Tutto si tiene. Everything is linked. You set aside your beautiful Mass and substitute it with a dumbed down version and you will cause a contagion of shallowness in all parts of the Church life, because what you do to the Liturgy, you do to the Church. You simplify and stultify the life of the faithful (depriving them of Vespers, Holy Hour and the like) and this stultification will unavoidably spread to the very priests in charge of them. You downplay the importance of being a Catholic in the economy of salvation and this will irresistibly lead to confusion among the faithful as to why sacramental life should be important. You neglect to explain and defend Catholic teaching – in your homilies and elsewhere – and your sheep will soon not know anymore what it is that makes them “Catholic”. You stress the kind of emasculated, woolly, fuzzy ecumenism beloved by so many priests and you invariably lead people to think that “provided they love Jesus” or “have their hearts in the right place” everything is fine.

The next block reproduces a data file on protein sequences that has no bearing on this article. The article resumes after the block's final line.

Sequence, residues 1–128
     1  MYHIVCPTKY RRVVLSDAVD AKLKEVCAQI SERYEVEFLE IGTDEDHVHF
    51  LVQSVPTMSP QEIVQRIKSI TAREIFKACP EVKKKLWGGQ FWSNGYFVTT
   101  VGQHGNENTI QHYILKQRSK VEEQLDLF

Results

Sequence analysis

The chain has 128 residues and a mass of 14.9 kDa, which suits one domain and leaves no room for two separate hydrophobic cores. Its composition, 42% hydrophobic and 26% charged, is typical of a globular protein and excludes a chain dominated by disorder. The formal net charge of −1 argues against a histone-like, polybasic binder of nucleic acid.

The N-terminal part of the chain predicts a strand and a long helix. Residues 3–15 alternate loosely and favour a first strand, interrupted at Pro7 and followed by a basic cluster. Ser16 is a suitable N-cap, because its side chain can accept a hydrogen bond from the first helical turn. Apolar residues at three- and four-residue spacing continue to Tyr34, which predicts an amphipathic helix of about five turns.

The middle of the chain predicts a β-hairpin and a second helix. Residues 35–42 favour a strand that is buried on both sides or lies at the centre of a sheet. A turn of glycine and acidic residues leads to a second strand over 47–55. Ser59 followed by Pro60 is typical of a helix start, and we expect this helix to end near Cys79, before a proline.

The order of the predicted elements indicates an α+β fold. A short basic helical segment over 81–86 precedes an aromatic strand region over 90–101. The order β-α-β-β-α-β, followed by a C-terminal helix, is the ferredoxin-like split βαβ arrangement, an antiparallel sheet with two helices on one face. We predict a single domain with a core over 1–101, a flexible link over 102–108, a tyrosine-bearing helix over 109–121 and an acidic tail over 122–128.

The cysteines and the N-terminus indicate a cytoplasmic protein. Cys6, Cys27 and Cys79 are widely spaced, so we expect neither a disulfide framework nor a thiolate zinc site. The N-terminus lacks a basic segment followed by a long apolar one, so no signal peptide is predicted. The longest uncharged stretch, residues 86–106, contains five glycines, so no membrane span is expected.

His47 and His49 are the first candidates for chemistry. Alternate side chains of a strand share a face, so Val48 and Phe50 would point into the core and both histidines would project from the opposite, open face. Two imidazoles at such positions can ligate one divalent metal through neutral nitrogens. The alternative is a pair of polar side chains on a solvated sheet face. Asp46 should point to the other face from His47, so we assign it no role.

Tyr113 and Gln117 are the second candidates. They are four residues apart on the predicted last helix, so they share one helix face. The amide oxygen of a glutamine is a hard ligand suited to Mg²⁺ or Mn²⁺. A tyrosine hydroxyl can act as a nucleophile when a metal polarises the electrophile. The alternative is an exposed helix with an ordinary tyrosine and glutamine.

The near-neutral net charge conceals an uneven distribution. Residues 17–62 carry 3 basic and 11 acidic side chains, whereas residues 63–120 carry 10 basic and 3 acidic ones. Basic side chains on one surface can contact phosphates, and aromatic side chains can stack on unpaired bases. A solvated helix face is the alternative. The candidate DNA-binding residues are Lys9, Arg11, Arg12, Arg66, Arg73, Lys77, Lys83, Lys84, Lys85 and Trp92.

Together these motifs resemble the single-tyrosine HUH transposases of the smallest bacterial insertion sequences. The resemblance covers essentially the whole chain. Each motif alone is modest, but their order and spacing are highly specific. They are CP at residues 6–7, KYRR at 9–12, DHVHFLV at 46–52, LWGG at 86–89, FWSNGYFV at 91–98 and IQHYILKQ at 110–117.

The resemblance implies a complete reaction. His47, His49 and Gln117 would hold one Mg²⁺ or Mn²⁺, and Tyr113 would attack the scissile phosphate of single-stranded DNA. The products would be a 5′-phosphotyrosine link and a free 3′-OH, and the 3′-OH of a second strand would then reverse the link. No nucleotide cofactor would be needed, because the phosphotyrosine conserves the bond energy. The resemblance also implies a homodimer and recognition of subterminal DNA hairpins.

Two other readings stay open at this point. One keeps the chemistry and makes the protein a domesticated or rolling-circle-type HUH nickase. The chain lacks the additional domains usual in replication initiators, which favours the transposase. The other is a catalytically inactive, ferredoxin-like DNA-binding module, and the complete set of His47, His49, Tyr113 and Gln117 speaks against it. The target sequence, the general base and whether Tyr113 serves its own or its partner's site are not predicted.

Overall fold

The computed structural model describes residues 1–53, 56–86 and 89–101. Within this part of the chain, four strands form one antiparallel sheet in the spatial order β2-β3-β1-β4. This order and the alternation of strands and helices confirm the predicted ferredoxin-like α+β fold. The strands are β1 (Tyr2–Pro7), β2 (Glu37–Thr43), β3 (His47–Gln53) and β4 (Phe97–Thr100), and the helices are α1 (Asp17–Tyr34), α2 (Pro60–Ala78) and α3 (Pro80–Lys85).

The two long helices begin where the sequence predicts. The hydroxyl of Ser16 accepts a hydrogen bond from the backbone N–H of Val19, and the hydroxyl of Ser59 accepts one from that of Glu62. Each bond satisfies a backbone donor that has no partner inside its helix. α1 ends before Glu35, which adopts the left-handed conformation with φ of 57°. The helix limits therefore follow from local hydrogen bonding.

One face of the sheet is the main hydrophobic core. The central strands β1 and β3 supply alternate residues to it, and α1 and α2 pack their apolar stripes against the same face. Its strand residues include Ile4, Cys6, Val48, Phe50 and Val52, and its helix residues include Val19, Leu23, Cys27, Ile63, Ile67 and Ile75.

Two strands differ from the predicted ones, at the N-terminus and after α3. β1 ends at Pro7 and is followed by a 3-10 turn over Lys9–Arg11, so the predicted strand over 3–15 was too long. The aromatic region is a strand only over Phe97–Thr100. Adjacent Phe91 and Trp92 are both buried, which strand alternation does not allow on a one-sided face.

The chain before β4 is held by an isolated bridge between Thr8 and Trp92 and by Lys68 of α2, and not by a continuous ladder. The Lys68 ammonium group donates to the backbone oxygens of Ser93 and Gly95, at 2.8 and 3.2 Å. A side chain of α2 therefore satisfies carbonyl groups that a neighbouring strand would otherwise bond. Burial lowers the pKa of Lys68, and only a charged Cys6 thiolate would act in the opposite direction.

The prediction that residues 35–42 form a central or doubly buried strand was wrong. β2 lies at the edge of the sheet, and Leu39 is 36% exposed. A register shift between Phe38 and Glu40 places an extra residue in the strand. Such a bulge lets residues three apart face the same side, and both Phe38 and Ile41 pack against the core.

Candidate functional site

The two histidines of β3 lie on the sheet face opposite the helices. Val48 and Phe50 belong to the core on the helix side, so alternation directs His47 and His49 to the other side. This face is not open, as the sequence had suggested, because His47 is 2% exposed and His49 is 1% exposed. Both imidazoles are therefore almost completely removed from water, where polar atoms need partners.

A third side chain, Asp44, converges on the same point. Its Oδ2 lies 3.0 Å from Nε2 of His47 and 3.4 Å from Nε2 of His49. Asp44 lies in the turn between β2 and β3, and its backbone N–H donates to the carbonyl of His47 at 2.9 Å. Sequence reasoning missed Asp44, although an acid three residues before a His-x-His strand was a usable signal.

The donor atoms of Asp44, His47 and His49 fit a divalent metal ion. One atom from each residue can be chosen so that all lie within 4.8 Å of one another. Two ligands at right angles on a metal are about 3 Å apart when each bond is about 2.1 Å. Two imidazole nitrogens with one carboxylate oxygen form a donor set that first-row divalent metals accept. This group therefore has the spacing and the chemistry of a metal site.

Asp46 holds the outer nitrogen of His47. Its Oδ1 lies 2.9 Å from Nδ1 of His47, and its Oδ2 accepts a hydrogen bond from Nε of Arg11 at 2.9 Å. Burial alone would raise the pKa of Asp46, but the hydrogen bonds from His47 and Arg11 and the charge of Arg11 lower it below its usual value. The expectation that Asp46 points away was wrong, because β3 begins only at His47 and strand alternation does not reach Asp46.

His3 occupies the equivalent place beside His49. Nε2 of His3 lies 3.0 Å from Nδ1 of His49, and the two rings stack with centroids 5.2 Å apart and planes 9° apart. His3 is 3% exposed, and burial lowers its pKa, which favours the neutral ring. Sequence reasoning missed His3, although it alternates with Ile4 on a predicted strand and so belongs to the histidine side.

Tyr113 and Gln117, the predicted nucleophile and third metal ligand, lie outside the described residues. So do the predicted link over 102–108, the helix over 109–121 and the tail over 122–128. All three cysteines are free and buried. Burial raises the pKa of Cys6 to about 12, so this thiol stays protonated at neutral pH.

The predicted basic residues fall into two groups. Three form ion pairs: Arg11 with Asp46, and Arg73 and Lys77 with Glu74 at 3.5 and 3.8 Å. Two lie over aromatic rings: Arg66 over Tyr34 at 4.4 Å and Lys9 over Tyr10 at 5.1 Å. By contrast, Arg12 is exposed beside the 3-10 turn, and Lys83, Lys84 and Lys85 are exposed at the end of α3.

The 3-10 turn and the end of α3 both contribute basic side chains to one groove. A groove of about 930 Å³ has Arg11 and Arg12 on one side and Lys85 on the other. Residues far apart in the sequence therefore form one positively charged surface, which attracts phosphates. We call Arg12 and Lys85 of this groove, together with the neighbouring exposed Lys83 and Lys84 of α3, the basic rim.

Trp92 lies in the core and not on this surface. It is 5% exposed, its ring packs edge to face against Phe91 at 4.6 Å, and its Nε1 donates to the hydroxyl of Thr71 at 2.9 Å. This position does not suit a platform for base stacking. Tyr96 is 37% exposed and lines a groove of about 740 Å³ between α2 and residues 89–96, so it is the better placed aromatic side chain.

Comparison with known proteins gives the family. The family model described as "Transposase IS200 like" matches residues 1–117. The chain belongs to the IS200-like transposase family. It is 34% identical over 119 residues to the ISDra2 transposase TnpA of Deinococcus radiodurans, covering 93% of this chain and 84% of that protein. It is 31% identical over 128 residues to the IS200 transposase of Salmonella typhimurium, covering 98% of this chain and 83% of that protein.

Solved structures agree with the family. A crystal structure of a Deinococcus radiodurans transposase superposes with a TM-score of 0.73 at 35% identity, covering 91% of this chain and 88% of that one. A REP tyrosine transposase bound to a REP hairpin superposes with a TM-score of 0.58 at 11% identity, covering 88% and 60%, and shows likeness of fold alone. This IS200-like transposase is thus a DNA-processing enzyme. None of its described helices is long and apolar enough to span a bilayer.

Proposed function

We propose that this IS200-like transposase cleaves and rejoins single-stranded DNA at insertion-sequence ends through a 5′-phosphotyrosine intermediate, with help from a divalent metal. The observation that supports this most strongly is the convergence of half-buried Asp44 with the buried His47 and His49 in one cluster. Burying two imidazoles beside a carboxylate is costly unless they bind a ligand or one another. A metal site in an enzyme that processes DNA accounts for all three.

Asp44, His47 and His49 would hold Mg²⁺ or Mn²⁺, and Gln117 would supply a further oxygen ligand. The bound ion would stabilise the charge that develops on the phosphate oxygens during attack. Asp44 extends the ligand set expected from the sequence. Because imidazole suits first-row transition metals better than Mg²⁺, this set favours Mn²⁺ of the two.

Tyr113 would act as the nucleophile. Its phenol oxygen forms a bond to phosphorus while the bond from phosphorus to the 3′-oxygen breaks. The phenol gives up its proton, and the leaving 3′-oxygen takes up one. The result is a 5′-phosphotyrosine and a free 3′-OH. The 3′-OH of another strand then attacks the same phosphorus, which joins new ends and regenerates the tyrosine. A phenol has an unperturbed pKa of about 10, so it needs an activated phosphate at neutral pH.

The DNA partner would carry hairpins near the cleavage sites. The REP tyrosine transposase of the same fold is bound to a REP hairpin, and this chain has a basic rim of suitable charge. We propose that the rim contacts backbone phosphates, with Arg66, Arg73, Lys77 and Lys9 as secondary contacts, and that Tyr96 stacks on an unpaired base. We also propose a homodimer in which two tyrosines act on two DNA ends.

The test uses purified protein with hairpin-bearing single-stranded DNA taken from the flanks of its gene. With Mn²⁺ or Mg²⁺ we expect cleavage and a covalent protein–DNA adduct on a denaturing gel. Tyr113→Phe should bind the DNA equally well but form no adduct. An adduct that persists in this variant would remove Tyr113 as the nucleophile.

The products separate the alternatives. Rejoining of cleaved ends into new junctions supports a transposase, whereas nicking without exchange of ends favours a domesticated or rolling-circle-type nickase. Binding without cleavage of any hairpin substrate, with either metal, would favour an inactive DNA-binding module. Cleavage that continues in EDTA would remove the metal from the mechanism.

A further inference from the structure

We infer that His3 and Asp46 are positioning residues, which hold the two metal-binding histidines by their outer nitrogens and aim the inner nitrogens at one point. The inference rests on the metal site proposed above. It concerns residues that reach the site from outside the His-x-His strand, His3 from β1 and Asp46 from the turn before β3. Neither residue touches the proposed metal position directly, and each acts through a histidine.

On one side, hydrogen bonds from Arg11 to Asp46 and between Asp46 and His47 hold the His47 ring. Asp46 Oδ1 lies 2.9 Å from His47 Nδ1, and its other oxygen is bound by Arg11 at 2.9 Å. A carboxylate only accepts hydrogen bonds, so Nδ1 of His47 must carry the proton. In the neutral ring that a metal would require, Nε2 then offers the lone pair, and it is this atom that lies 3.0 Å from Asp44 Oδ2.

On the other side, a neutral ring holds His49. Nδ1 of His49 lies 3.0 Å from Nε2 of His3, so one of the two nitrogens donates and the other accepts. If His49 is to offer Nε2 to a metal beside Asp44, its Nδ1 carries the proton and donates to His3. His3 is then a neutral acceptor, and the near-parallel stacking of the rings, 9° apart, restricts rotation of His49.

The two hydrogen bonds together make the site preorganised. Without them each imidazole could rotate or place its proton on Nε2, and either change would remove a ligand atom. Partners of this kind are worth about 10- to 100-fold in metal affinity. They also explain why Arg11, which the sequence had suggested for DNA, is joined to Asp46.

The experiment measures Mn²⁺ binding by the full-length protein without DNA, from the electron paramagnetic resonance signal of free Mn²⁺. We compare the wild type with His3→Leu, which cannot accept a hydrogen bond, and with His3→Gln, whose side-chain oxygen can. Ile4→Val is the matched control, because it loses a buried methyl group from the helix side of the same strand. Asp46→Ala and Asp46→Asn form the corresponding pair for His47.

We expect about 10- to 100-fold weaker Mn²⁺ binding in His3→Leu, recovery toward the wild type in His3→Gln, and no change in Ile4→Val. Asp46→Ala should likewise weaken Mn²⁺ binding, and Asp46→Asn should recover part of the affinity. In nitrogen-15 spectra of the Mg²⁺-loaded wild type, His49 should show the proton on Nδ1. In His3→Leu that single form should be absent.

Gandhi cum Dalai Lama (and some sugary songs): that’s what you’ll make of Catholicism.
All these modern errors, this shallow collection of common places very often mistaken for “Catholicism” have happened not because of some revolt from the pews, but because the clergy was in the first line in the effort to make them happen. The Church has been sabotaged from the inside, from the men at the foot of the altar who have refused to put Christ and the Church first and have started to put their popularity, or acceptance, or “going with the flow” first.
Bad theology. Bad catechesis. Socialist, or communist, or environmentalist priests. Neglect of the opus dei for mere social work (no, it’s not the same). Downplaying of the importance of sacraments. Neglect of sacraments. Loss of Catholic identity in the muddy pond of “be good-ism”….. All this has a cause. All this has been perhaps not directly created, but certainly made possible and positively encouraged by a clearly identifiable event: the Second Vatican Council.
I do hope that in time, Cardinal Meisner’s commendable analysis will not stop at the problems’ existence, but will look for the removal of their cause. It will not be easy – too many among the clergy are still emotionally invested in Vatican II – but in due course and with a lot of prayers I believe that we will get there.
St. Michael the Archangel, defend us in battle.